Hello and welcome to another Author Q&A! This time, I had the pleasure sitting down with Jim Nelson (metaphorically), author of the recently released A Man Named Baskerville! You might have seen his book floating around on social media recently (hard to miss that beautiful cover!), as I had the distinct honor of organizing an online book tour through my company Escapist Book Tours!
We had a great time touring A Man Named Baskerville, but I wanted to follow that up with a short interview with the author, so you can find that below along with all the information about the author, the book, and links to snag yourself a copy!
A Man Named Baskerville by Jim Nelson
Genre: Crime / Historical Drama / Adventure
Intended Age Group: 14+
Published: March 18, 2022
Publisher: Self Published
He took on Sherlock Holmes and lost. Now he wants revenge.
In 1888, Sherlock Holmes slayed the spectral hound haunting the Devonshire moor, laying to rest the curse of the Baskervilles once and for all. The perpetrator escaped into the night and was presumed drowned, consumed by the murky bog…
In truth, the criminal mastermind survived the night to nurse his wounds and plot his revenge against Sherlock Holmes.
A MAN NAMED BASKERVILLE recounts the life and times of Rodger Baskerville, exiled heir to the esteemed family’s fortune. His journal records his adventures from the Amazon rainforests to the beaches of Costa Rica to Victorian England, where he attempts to take his rightful place at Baskerville Hall. Along the way, he peels back the layers of family secrets and scandals untold in Dr. Watson’s account of the demonic hound haunting the Baskervilles.
Most of all, he describes a Sherlock Holmes unlike the legendary detective you think you know.
A MAN NAMED BASKERVILLE retells the infamous Arthur Conan Doyle mystery in a way you’ve never read before. It’s a sizzling new take on a classic hailed as a masterpiece of the English language, named one of the most influential books ever by the BBC and Le Monde, and beloved by Sherlock Holmes fans worldwide for over a century.
It’s a rousing adventure, from start to finish. What’s more—it’s a Sherlock Holmes story unlike any you’ve read before.
Thank you so much for joining us for this short Q&A! Before we get going, please tell us a bit about yourself.
Thanks for having me! I’m a lifelong avid reader with interests in many genres, especially crime/mystery and science/speculative fiction. I’ve been writing since I was young, and turned to novels about eight years ago. My work includes the Bridge Daughter series, which regards an alternate Earth where mothers give birth to surrogate daughters who carry the “real” child to term. I’ve also written In My Memory Locked, a cyberpunk-noir, and Man in the Middle, a COVID-19 novel of suspense.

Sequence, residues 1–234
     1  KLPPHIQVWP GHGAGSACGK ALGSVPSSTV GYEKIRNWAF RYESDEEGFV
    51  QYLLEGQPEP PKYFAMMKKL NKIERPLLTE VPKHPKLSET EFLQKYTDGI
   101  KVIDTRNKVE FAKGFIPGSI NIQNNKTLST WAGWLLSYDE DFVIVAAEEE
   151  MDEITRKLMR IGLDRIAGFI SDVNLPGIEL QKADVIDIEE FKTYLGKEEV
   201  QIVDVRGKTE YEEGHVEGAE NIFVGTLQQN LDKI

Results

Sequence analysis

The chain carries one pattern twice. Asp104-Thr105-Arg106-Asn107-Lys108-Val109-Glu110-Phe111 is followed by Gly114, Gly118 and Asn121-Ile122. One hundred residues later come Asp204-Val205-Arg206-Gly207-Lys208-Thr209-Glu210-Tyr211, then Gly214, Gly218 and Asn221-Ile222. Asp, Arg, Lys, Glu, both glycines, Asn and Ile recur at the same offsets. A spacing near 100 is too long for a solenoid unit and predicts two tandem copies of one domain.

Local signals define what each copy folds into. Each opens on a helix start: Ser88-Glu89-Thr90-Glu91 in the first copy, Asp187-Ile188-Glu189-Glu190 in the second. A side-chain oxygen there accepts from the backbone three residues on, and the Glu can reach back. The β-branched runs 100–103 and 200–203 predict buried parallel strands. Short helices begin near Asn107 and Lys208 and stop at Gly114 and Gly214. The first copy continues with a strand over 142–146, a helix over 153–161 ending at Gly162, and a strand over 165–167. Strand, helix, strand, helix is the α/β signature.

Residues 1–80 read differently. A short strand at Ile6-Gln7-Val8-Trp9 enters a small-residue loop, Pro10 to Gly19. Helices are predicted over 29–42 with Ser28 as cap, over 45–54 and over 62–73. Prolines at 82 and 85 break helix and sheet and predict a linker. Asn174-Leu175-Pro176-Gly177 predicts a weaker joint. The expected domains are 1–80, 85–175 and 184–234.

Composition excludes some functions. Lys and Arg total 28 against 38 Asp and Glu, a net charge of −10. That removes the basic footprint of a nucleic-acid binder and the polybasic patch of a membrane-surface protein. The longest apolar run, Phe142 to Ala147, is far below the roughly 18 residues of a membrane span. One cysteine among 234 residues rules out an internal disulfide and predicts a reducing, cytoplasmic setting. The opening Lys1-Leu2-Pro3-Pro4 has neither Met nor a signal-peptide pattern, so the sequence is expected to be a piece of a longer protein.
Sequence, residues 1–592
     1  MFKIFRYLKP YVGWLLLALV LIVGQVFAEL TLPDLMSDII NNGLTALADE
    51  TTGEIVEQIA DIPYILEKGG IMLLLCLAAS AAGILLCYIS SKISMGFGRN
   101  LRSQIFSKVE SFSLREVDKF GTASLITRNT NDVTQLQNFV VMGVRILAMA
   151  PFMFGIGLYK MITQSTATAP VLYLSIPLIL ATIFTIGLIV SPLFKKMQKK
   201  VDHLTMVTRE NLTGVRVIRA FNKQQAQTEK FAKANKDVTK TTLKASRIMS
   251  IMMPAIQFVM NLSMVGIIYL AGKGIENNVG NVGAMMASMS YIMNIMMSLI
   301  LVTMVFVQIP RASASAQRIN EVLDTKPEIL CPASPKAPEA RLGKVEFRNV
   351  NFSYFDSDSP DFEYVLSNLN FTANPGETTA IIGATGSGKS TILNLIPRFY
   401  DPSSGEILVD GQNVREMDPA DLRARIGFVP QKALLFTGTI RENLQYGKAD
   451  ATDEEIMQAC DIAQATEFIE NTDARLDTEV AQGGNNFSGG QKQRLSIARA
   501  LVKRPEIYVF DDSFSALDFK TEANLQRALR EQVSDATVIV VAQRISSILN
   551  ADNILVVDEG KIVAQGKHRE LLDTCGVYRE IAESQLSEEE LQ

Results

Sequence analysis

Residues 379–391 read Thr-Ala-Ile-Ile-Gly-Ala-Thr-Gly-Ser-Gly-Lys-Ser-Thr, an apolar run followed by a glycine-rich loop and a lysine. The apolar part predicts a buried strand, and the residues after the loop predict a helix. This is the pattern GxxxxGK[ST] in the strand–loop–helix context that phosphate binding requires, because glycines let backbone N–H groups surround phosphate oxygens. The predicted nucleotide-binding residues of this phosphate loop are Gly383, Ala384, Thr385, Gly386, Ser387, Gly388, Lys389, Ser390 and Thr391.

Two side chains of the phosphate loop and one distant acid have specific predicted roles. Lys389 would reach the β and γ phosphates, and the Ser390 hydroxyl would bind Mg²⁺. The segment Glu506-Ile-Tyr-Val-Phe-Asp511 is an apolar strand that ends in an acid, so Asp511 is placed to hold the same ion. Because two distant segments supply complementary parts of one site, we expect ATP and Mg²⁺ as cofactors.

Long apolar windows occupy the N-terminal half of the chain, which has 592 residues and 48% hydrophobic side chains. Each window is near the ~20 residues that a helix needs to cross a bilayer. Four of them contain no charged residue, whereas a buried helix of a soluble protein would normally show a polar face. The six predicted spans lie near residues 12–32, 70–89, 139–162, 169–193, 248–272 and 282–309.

My latest, A Man Named Baskerville, is a big departure for me. I’ve never written any work set in Sherlock Holmes’ universe, or historical fiction for that matter. It was a challenging ride to get all the details right, and I’m proud of the final result.
Do you have any hobbies or interests outside of reading/writing? Do you care to elaborate?
I’m a software engineer by trade, so old-school interactive fiction (video games like Zork and Enchanter) holds a special place in my heart. I made a stab many years ago at writing one, but set it aside to focus on my first novel. Recently I returned to the interactive fiction community with the goal to pick up where I left off. I released my first game earlier this year (a short work titled Past Present), and am ardently developing a more ambitious one titled According to Cain.
The interaction fiction community is a great gathering of people. If you’ve not played one before and are looking for a change of pace, I strongly suggest checking into it.
What do you think characterizes your writing style?
My favorite type of book almost always involves a tight focus on one or two main characters. It doesn’t have to be in the first-person, but the narration should stay close to that character. I especially like novels where the voice of the narrator drips from every sentence. It’s the magic of storytelling, where you don’t merely visit another world, but you inhabit another life.
That’s the style of narration I find myself returning to time and again in my books. Most of them stay close to a single character, and the character’s voice dominates in the telling. And I always strive to write the “un-put-downable” book, which I think is tied to a strong narrative voice. A Man Named Baskerville is, I think, an example of that.